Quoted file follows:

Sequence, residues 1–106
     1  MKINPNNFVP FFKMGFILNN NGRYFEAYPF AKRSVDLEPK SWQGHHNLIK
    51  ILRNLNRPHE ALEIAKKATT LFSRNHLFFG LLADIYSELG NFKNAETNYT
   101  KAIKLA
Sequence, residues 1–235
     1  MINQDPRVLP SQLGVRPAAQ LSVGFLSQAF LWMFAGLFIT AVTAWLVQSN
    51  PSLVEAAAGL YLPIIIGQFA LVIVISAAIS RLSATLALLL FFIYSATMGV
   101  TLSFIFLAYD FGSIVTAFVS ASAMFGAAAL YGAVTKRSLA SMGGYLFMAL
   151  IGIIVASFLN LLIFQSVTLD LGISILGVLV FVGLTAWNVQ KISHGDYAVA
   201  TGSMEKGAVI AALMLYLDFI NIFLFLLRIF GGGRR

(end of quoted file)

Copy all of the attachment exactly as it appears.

Sequence, residues 1–106
     1  MKINPNNFVP FFKMGFILNN NGRYFEAYPF AKRSVDLEPK SWQGHHNLIK
    51  ILRNLNRPHE ALEIAKKATT LFSRNHLFFG LLADIYSELG NFKNAETNYT
   101  KAIKLA
Sequence, residues 1–235
     1  MINQDPRVLP SQLGVRPAAQ LSVGFLSQAF LWMFAGLFIT AVTAWLVQSN
    51  PSLVEAAAGL YLPIIIGQFA LVIVISAAIS RLSATLALLL FFIYSATMGV
   101  TLSFIFLAYD FGSIVTAFVS ASAMFGAAAL YGAVTKRSLA SMGGYLFMAL
   151  IGIIVASFLN LLIFQSVTLD LGISILGVLV FVGLTAWNVQ KISHGDYAVA
   201  TGSMEKGAVI AALMLYLDFI NIFLFLLRIF GGGRR